Apply a small amount of super glue near the top part of the ears. The corner of the outter visor may also has gaps. You may need to apply pressure and hold the parts closed together while the super glue sets in. Ensure the parts are aligned properly.

Joining Seam from bottom corners

Once the top of the corners are dry, we can join the bottom part of the helmet together. Use the same super gluing technique to join these seams together. 

Let glue fully cure

Allow the adhesives about a half hour to cure. 

Building the acrylic visor

The visor is built using a pre tinted acrylic sheet. Leave the protective film on the acrylic sheet until the very end of the build. 3D print the visor template. We'll use this as a reference.

Trace visor template

Lay the 3D printed visor template flat on a lower corner of the acrylic sheet. Mark an outline of the visor template using a pen.

Score acrylic sheet

Next we need to score out the outline of the template. You’ll need a straight edge and scoring tool. Trace the outline several times with the scoring tool, using the straight edge to keep the lines nice and straight. Flip over the acrylic sheet and repeat scoring on the backside. Keep scoring until you feel the cuts are deep enough.

Snap Part from Sheet

Move the acrylic sheet near the edge of the table. Using your hand, apply a bit of pressure to the traced out part and snap the piece off the sheet. If it doesn’t snap off with a bit of pressure, continue scoring the outline.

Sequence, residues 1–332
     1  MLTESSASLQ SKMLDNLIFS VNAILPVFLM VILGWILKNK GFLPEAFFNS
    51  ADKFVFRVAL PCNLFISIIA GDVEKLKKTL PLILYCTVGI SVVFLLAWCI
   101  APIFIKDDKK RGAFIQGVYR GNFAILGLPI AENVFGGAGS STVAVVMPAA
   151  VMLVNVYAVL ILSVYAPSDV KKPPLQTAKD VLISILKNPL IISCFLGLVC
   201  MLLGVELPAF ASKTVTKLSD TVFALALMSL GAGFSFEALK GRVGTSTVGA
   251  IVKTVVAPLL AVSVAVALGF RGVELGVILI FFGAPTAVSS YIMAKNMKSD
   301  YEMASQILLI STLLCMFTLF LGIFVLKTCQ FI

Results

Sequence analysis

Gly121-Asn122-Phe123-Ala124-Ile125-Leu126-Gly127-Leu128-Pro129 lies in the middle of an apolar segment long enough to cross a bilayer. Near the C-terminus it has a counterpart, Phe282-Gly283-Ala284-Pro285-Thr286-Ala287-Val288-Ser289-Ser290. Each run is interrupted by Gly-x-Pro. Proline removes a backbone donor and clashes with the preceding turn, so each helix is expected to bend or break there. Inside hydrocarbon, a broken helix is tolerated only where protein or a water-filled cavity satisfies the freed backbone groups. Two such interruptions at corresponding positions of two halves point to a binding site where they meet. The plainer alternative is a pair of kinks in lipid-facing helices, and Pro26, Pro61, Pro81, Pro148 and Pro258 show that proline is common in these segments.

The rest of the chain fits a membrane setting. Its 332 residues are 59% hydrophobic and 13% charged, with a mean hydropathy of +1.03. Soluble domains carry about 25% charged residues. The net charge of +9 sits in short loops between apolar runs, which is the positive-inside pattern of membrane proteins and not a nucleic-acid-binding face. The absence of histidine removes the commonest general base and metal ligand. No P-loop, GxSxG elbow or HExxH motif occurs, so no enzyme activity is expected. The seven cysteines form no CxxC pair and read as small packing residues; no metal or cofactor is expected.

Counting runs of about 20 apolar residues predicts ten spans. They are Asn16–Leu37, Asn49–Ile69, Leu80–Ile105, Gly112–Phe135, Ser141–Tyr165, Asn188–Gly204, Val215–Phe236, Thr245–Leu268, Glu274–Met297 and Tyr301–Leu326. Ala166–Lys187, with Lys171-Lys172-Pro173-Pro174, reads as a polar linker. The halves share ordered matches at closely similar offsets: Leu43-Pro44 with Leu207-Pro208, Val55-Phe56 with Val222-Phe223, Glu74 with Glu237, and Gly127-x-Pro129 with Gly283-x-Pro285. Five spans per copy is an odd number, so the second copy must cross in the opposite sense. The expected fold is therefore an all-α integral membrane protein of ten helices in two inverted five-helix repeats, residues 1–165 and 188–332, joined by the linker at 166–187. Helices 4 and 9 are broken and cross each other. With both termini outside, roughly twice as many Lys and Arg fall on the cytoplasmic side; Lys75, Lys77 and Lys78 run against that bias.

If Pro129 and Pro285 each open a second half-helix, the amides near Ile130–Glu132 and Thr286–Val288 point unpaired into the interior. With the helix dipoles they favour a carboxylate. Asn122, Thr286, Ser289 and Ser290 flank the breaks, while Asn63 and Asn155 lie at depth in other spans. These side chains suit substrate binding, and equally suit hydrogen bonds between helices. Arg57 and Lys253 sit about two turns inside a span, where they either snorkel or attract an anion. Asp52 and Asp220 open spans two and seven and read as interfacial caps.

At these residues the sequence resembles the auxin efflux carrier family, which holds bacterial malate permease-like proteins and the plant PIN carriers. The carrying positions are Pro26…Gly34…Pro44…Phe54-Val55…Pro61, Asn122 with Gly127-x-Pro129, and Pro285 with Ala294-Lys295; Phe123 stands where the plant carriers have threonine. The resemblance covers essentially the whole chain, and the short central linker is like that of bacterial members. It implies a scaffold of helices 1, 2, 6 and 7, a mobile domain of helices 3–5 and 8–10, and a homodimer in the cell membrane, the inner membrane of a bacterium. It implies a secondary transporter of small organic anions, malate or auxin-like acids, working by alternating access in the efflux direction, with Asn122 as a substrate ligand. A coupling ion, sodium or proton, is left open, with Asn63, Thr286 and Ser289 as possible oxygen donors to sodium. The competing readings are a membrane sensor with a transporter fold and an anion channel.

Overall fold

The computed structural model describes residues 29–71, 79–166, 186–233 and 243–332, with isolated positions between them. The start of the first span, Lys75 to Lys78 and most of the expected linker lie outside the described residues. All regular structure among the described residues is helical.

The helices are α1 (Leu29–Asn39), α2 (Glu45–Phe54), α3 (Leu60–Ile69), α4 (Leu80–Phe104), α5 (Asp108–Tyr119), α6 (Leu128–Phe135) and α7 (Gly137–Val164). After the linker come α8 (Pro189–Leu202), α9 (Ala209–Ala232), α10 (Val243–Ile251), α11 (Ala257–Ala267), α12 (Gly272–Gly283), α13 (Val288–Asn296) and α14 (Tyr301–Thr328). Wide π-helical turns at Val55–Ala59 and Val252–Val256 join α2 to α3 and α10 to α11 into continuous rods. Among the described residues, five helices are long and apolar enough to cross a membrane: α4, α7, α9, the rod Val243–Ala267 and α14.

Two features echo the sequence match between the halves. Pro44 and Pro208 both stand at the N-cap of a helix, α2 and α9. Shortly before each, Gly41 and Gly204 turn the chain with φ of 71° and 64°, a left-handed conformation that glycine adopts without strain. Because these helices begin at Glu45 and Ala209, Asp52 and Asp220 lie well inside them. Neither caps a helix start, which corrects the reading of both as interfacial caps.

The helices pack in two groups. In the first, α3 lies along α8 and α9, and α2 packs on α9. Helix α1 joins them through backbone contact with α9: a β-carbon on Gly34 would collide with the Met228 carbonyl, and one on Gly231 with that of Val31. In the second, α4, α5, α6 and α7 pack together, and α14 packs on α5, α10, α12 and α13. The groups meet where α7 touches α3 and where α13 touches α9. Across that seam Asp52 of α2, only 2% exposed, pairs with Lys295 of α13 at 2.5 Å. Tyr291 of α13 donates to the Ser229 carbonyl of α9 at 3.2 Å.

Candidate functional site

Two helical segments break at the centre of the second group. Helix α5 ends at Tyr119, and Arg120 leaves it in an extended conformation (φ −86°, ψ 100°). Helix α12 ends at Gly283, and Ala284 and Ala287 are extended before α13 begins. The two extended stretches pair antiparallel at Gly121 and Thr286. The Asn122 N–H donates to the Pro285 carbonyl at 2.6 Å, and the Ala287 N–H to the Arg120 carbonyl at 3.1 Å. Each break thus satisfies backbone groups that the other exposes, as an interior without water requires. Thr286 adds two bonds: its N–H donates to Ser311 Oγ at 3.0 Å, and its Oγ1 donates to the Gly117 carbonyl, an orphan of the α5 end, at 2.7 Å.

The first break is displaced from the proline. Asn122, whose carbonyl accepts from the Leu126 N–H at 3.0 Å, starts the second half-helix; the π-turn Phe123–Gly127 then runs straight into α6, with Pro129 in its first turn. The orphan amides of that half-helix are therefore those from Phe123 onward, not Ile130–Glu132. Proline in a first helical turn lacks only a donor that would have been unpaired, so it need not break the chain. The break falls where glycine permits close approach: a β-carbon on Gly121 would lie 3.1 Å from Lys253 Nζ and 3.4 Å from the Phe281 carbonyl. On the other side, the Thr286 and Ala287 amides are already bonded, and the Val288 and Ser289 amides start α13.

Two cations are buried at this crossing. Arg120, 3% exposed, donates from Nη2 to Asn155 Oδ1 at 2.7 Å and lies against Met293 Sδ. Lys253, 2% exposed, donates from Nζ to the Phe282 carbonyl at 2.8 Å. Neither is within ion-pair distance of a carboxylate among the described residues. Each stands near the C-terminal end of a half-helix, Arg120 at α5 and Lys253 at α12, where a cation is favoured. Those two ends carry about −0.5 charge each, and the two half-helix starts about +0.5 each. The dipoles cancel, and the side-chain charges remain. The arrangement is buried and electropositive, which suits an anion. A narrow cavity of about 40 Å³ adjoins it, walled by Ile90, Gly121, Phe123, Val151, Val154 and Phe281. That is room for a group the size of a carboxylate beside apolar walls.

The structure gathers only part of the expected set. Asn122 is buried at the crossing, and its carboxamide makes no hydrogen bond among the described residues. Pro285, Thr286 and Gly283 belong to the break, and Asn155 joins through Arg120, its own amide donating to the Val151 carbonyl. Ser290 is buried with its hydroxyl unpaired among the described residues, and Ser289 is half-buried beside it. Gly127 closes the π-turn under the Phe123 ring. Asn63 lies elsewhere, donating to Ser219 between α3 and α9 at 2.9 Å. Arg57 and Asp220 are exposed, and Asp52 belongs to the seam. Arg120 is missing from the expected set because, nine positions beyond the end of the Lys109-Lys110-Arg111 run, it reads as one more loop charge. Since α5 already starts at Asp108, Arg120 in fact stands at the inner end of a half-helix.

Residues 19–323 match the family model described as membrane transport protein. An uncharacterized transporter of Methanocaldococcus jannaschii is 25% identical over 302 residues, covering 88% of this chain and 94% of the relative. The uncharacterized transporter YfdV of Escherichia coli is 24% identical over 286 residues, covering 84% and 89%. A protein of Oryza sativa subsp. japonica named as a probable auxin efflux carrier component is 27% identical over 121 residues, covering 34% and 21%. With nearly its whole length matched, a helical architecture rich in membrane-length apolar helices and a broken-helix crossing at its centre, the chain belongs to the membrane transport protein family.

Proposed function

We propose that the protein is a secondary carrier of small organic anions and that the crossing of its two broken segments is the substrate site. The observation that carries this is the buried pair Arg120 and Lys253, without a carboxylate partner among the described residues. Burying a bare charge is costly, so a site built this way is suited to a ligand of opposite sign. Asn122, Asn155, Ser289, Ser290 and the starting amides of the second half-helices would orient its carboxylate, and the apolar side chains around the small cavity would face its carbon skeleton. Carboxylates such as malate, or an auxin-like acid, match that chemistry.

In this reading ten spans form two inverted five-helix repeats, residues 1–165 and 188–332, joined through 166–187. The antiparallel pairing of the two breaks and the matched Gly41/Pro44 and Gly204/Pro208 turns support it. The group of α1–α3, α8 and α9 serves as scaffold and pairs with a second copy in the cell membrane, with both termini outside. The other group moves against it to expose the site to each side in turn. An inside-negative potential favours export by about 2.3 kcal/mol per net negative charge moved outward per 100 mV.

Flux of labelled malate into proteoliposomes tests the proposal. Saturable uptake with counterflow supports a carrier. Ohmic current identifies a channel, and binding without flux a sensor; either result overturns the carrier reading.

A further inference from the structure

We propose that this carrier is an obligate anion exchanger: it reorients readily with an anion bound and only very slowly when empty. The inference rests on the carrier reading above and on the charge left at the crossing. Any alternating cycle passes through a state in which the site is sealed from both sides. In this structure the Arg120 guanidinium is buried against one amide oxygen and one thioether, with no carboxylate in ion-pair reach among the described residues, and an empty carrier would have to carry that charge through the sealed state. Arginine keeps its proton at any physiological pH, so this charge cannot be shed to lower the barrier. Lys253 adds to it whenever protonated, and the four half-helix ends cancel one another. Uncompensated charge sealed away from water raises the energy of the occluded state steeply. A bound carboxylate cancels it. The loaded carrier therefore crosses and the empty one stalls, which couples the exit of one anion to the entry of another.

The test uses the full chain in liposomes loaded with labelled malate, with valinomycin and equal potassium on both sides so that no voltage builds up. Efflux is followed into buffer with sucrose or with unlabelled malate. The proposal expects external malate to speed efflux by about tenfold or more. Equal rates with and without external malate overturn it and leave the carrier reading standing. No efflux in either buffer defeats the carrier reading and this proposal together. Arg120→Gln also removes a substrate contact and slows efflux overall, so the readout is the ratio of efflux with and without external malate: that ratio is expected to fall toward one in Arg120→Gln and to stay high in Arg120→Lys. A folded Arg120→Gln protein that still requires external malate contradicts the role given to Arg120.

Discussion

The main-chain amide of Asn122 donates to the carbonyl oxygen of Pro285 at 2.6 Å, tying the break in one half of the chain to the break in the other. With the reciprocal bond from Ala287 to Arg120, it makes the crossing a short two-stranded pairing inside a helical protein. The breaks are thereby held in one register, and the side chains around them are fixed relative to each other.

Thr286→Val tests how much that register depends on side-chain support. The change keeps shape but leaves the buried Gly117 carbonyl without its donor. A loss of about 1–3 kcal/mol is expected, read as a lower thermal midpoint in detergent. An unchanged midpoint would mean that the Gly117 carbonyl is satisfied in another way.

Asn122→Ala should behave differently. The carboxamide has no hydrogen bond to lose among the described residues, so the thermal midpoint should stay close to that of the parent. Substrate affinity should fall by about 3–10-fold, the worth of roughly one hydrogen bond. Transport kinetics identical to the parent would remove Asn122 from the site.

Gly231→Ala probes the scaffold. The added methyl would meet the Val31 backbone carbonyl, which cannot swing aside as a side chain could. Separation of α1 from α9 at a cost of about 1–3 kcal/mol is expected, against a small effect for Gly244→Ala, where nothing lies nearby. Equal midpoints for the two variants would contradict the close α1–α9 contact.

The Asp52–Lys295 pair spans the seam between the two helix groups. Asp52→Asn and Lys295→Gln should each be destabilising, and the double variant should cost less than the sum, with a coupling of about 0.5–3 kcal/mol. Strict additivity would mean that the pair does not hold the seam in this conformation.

Bending the visor to shape

Now we need to bend the acrylic piece. To do this, we’ll use a heat gun. A PanaVise or vice tool can help hold the heat gun upright while we apply heat to the acrylic.

Heat up acrylic visor

Using both hands, hold it over the airflow. We recommend wearing heat resistant gloves to avoid any potential burns. Move the acrylic from side to side. You’ll feel the acrylic become soft. Lightly bend the part to create a curvature. Use the helmet to reference the curvature.

Test fit visor

Once you’ve bent the acrylic piece, try fitting the part inside the helmet to do test fit. If its curvature doesn’t match the helmet, reapply heat and bend it until they match.

Be careful not to snap the visor in half while test fitting! Too much pressure will break the acrylic.


Power Sander

Next up we’re going to do some finishing techniques to smooth out the surface and make it shinny and metallic looking. In this project, we used a power sander to help speed up the process. A power sander with detail tip allows you to get into crevices. We recommend starting off with a low grit, like 120 and gradually moving up to a fine grip, like 220.

Sanding details 

The details in between the ears require detailed sanding. Make sure to get in the crevices and smooth out the builds lines. Sand across the entire surface of the helmet, blending the build lines. Be sure to do this in a well ventilated area and wear a breathing mask and proper eye protection.

Filling gaps with XTC-3D

Once we’ve sanded the helmet down, we can apply epoxy resin coating to fill in any gaps. XTC-3D coating from Smooth-On is great for this. It’s a two part solution with a 2:1 ratio mix. We recommend using half of the provided cup. It has a work time of about 10 minutes. We can extend the work time to about 15 minutes by pouring the mix into a aluminum foil tray.